IMF says U.S. poised
to accelerate in 2014

The U.S. economy is poised to accelerate after a dismal start to the year even though the job market won’t return to full employment until 2017, the International Monetary Fund forecast in a report Monday.

The IMF noted that steady job gains and other recent data suggest the economy is rebounding. Employers have added 200,000-plus jobs for four straight months, and the unemployment rate has fallen to 6.3 percent. Auto sales and factory activity are increasing.

Yet growth this year isn’t likely to top last year’s lackluster performance, the IMF said. The Washington-based organization foresees the U.S. economy growing a modest 2 percent this year, below its previous estimate of 2.7 percent. That would be nearly identical to the 1.9 percent growth last year.

The IMF blamed the lingering aftermath of a brutal winter and a sluggish recovery in home sales. Years of disappointing growth mean the economy might not reach full employment — which many economists define as an unemployment rate between 5 and 5.5 percent — for three more years.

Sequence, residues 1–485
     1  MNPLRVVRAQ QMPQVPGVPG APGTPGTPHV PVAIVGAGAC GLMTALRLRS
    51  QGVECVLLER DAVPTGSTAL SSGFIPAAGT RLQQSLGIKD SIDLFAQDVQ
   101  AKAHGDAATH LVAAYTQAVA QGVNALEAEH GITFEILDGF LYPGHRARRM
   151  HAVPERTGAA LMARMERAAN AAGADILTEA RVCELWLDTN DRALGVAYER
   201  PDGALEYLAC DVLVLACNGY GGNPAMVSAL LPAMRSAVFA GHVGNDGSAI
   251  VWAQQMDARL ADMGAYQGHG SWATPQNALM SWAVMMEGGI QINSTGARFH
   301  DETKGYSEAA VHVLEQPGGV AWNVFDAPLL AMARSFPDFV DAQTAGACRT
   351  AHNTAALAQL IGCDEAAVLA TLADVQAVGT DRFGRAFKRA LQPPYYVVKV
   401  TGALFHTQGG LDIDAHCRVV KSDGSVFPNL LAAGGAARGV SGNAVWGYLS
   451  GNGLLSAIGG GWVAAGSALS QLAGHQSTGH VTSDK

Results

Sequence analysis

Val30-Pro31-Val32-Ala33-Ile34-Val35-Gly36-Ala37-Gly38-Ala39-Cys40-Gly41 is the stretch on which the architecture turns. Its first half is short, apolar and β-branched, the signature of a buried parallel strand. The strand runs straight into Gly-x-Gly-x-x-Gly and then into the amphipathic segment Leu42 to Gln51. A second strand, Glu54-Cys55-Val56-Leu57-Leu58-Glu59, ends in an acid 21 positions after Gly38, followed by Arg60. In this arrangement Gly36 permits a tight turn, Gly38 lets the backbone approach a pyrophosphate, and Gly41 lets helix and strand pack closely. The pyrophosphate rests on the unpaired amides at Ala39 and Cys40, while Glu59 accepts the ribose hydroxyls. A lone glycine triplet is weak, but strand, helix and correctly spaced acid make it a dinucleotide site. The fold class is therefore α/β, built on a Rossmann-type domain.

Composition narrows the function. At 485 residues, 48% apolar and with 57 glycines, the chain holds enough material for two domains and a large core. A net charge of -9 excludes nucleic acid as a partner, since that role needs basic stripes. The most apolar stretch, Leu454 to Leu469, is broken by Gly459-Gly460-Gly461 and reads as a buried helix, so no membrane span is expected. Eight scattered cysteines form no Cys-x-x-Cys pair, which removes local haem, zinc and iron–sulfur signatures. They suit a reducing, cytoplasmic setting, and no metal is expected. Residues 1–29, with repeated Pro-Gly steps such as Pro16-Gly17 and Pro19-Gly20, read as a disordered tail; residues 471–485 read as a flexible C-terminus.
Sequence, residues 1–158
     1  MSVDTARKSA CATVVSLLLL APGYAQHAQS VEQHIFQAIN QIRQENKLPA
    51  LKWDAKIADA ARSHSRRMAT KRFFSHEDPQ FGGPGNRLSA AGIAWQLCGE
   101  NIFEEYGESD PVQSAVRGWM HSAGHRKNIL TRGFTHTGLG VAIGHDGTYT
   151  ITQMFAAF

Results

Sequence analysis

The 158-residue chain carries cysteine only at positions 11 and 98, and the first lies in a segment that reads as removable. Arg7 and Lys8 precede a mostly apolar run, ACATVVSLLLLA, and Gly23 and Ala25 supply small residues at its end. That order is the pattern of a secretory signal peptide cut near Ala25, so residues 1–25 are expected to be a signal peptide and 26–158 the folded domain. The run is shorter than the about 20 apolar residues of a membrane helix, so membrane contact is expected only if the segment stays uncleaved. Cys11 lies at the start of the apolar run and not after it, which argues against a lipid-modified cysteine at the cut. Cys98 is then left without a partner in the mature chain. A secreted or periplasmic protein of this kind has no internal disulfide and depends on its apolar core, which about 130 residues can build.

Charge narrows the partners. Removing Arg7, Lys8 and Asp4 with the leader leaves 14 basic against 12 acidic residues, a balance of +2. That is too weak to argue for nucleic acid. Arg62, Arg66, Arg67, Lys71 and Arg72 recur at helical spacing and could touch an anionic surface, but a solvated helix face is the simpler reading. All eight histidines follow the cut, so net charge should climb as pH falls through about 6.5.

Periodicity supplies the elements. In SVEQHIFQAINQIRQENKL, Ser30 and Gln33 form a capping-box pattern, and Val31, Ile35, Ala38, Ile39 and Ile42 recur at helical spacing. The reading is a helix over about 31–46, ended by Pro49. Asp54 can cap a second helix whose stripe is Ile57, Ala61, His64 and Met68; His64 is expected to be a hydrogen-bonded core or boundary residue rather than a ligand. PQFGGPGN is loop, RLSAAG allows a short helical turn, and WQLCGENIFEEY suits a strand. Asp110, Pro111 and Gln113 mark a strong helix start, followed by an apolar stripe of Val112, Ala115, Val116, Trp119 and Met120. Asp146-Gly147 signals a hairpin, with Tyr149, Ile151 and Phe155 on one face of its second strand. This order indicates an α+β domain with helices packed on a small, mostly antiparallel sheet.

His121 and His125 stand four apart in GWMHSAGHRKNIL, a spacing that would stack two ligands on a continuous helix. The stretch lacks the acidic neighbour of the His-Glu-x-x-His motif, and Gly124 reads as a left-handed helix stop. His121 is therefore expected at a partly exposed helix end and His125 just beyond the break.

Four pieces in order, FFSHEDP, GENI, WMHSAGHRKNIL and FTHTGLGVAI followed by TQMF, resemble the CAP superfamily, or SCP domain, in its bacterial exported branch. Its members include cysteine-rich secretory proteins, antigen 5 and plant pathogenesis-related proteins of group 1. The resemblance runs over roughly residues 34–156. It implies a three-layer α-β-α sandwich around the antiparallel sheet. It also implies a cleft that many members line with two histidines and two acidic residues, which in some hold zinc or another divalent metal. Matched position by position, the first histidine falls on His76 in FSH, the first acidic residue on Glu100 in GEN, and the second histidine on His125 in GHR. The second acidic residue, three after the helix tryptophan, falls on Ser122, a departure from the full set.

Christine Lagarde, the IMF’s managing director, suggested at a news conference that the past winter showed that another wild card — climate change — might be holding back the economy and could make predictions more difficult.

“Extreme weather occurrences have repeated much more frequently in the past 20 years than the previous century,” she said. “That’s a reason to wonder about climate change and how to deal with it.”

Yet the IMF is optimistic that a “renewed dynamism” will propel growth for the rest of the year, partly offsetting what many analysts think was a contraction of up to 2 percent last quarter.

— Associated Press

LNG exports may
violate federal law

Sen. Edward J. Markey (D-Mass.) said Monday that permits for exporting natural gas may violate the Energy and Policy Conservation Act of 1975, which banned overseas sale of oil or gas.

An executive order by President Gerald R. Ford in 1976 delegated rulemaking and exemption permits to the Commerce Department. Markey, a foe of liquified natural gas exports, said Commerce has not issued such guidelines.

Markey said the Energy Department’s seven LNG export permits and licenses for gas exports to Canada and Mexico through pipelines could be open to a lawsuit under the Administrative Procedure Act.

— Steven Mufson

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